NO MORE NO HOMO!!!!!!!!!!!!!!!!!!
Over the past year, many rappers have become obsessed with the "No Homo/Pauseâ€ phenomenon. Recently, I've had a series of run-ins with people who punctuate their sentences with "No Homoâ€ or "Pauseâ€ in order to reassert their heterosexuality. Here are a few examples:
EXAMPLE#1 - I was hanging out with two multi-platinum selling rappers who shall remain nameless. I asked the first rapper why he was able to sell so many records. He replied, "I couldn't have done if [rapper#2] hadn't gotten behind me on the project. Pause. No Homo!â€
EXAMPLE#2 - My brother and I were playing basketball with some young guys in our neighborhood. One of the guys, who was 6â€²5 and cocky, demanded that we pass him the ball on every possession. Each time our team had the ball, he would scream "Feed me! No Homoâ€¦ Give it to me! No Homoâ€
EXAMPLE#3 - I stumbled into a local restaurant during karaoke night. One the men, who was apparently a regular, decided that he would depart from his normal catalog of disco covers. He grabbed the mic and said, "Tonight, I want to try something different. No Homo!â€
EXAMPLE#4 - A few hours after the NBA draft, Spike Lee was asked about Dan Dickau. Spike replied, "I love Dick!â€. Gus Johnson, the uber-professional interviewer, interjects by saying "Pause.â€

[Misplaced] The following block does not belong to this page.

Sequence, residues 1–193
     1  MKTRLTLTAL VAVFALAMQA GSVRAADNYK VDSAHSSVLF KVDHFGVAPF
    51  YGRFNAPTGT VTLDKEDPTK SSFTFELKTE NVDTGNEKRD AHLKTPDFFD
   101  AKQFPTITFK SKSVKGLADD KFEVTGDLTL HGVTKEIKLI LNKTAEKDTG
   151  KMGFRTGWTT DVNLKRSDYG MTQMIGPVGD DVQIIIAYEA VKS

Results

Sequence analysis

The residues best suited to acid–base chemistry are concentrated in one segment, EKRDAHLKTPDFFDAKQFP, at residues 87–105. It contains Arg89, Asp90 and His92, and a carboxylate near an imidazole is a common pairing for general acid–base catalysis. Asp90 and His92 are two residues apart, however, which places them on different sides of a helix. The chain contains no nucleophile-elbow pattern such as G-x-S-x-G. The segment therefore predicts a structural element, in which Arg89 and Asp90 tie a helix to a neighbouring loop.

In some ways, "no homoâ€ and "pauseâ€ are part of a long tradition ghetto language games that evince the quick-wit and linguistic sophistication of Black and Brown people. I must admit that it took me a few seconds to understand what the brother was talking about during karaoke night. Once I did, I laughed out loud at the childish absurdity of his decision to clarify that he wasn't planning a gay rendezvous.
More importantly, the no-homo discourse is further evidence of hip-hop's obsession with queer identity. After all, in order to punctuate even the most sexually non-suggestive sentences with a homophobic disclaimer, one has to constantly be thinking about homosexuality. While there's nothing wrong with this position (pause) per se, I would think that hip-hop's hypermasculine ethos would suggest that brothers don't even consider "gay shitâ€ when they're talking. On the contrary, they seem to be thinking about little elseâ€¦